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Reconciling Ancient and Modern Philosophies of History and Historiography - 18-19/08/2016, London (E

Classical scholarship and methods were prominent in the early development of modern philosophy of history and historiography. Giambattista Vico, whose scholarly output is littered with classical analysis, is now generally considered as one of the progenitors of modern anthropology and philology. Leopold Ranke, widely regarded as the father of modern scientific historiography, presented himself as profoundly influenced by Thucydides. The historical philosophies of Wolf, Hegel, Weber, Croce, Nietzsche, and Collingwood were similarly influenced, at least partially, by the classical corpus of historical texts and by trends in classical studies including textual criticism and later archaeology. The philosopies of history and historiography consequently conceptualised and sometimes formalised the traditional epistemological problems of evidence, interpretation and explanation, causation, realism, and narrative. This conference aims to reconcile ancient ideas concerning the interpretation and explanation of the past and the methods and theories of classical studies with the modern philosophies of history and historiography.

The theme of the conference is based on two fundamental questions:

  1. How can modern approaches, methodologies, hypotheses, and theories in the philosophies of history and historiography inform our analyses of ancient historiography?

  2. Are ancient historical writers still relevant in the modern discourse of the philosophies of history and historiography? Can they contribute to ongoing debates regarding the interpretation and explanation of past events and the production and presentation of historical knowledge?

FECHA/DATE/DATA: 18-19/08/2016

LUGAR/LOCATION/LUOGO: Senate House (London, England)



INSCRIPCIÓN/REGISTRATION/REGISTRAZIONE: web- £45 Deadline for registration: 01/08/2016

Thanks to the generous support of the Classical Association there are a number of bursaries available for postgraduate students wishing to attend the conference. These come in the form of conference fee waivers. In order to be considered for one of these bursaries please send a brief statement to the organiser about how the conference topic relates to your research by the 1st of August.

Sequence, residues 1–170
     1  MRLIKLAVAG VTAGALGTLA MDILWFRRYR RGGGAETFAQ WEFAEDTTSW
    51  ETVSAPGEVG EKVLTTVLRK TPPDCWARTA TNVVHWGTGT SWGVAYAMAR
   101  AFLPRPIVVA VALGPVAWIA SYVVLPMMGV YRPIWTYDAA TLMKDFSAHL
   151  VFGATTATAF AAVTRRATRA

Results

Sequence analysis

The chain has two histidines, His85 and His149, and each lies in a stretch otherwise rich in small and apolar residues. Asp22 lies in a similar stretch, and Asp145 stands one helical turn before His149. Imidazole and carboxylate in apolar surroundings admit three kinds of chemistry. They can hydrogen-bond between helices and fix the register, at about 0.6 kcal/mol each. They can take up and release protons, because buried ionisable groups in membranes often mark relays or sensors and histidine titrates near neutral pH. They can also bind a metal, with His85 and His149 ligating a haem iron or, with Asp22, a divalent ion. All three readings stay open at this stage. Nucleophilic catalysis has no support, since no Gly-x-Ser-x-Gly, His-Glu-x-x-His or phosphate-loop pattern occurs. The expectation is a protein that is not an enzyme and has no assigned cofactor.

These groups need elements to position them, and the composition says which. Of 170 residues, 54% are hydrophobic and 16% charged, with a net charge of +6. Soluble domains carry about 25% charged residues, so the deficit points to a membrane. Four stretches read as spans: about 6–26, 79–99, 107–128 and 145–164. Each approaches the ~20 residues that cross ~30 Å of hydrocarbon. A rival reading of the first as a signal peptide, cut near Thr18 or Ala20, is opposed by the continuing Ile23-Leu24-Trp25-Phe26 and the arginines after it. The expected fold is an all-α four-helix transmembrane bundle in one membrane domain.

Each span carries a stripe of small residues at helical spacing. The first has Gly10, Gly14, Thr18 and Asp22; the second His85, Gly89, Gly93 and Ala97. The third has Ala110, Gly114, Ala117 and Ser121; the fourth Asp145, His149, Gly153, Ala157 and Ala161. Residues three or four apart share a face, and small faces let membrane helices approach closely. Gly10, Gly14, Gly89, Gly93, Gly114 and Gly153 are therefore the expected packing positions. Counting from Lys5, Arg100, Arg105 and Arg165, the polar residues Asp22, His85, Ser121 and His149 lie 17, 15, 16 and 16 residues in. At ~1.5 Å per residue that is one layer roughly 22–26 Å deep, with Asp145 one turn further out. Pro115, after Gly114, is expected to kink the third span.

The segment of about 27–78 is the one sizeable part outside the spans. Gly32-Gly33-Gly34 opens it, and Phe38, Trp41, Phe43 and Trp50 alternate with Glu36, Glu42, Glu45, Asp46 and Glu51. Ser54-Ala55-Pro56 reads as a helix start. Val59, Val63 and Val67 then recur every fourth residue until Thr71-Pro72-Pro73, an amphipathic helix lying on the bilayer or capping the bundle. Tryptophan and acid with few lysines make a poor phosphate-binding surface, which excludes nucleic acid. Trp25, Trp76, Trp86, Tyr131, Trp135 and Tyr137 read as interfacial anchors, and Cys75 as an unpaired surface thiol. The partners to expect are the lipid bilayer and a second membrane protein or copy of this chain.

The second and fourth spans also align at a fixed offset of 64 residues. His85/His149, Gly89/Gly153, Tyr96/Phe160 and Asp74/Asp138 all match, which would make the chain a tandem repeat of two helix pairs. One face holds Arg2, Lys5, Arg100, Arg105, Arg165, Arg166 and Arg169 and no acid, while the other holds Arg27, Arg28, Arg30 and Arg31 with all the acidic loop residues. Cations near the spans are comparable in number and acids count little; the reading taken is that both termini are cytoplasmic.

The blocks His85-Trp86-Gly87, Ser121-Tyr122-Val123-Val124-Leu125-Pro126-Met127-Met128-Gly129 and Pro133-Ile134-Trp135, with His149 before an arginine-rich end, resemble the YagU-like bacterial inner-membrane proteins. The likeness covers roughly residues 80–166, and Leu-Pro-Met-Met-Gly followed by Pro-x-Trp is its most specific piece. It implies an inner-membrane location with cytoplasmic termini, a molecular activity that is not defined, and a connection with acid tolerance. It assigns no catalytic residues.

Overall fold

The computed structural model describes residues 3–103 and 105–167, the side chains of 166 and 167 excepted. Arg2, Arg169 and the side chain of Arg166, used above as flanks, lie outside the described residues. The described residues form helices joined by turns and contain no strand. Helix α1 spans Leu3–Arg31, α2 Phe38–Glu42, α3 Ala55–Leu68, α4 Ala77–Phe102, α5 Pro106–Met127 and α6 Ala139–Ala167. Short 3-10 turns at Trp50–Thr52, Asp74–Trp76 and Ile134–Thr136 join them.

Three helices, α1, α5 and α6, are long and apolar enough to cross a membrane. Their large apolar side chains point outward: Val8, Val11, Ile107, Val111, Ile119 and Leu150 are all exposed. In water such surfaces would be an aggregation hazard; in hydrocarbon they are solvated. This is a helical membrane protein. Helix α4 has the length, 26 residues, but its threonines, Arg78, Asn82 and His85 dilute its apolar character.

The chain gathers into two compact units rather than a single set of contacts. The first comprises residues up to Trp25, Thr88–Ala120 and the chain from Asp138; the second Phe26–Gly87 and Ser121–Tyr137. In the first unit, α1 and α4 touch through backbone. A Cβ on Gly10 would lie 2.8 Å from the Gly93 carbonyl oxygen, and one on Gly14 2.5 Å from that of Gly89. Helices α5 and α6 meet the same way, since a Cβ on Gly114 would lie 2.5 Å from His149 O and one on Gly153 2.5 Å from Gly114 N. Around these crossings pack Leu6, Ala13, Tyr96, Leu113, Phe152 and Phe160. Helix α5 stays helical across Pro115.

Day One

10:00-10:30 – Welcome/Registration/Tea & Coffee

10:30-10:40 – Introduction (Aaron Turner)

10:40-12:10 – Panel 1

10:40-11:25 – Alexander Meeus (University of Mannheim) ‘Epistemic Virtues and the Philosophy of Science: A Performative Approach to the Methodology of Ancient Historians’

11:25-12:10 – Peter van Nuffelen (Ghent University) ‘Language, Reality, Signs: A Late Antique Christian ‘Regime de Representation’’

12:10-13:10 – Keynote 1

Katherine Clarke (University of Oxford) ‘Minding the Gap: Mimetic Imperfection and the Historiographical Enterprise’

13:10-14:00 – Lunch

14:00-16:15 – Panel 2

14:00-14:45 – Salvatore Tufano (Sapienza University of Rome) ‘Walter Benjamin as a Reader of Greek Historiography: The Closed Circle?’

14:45-15:30 – Lisa Hau (University of Glasgow) ‘Pathos with a Point: Reflections on ‘Sensationalist’ Narratives of Violence in Hellenistic Historiography in the Light of 21st Century Historiography and Journalism’

15:30-16:15 – Olivier Gengler (Heidelberg Academy of Science/ University of Tubingen) ‘Agathias’ Histories and Historiography: Ancient and Modern’

16:15-16:35 – Tea/Coffee

16:35-17:35 – Keynote 2

Aviezer Tucker (Harvard University) ‘The Arché of Historiography’

Day Two

09:30-10:00 – Tea/Coffee

10:00-11:30 – Panel 3

10:00-10:45 – Jacqueline Klooster & Inger Kuin (University of Groningen) ‘Writing a Crisis: The Meta-History of Narrating Political Events’

10:45-11:30 – Aaron Turner (Royal Holloway, University of London) ‘Retrospective Determinism and Periclean Pronoia: Thucydides, Arthur Danto, and the Ideal Chronicler’

11:30-12:30 – Keynote 3

Jonas Grethlein (University of Heidelberg) ‘The Universal in the Particular: A Core Dilemma of Historicism in Antiquity’

12:30-13:30 – Lunch

13:30-15:00 – Panel 4

13:30-14:15 – Lydia Spielberg (Radboud University) ‘Documentary Fantasies in Livy’s Trial of the Scipios’

14:15-15:00 – Hamutal Minkowich (UCL) ‘Mythistoria in 2016?’

15:00-15:20 – Tea/Coffee

15:20-16:20 – Keynote 4

Neville Morley (University of Bristol) ‘Thucydides and the Historiography of the Future’

16:20-16:40– Closing remarks

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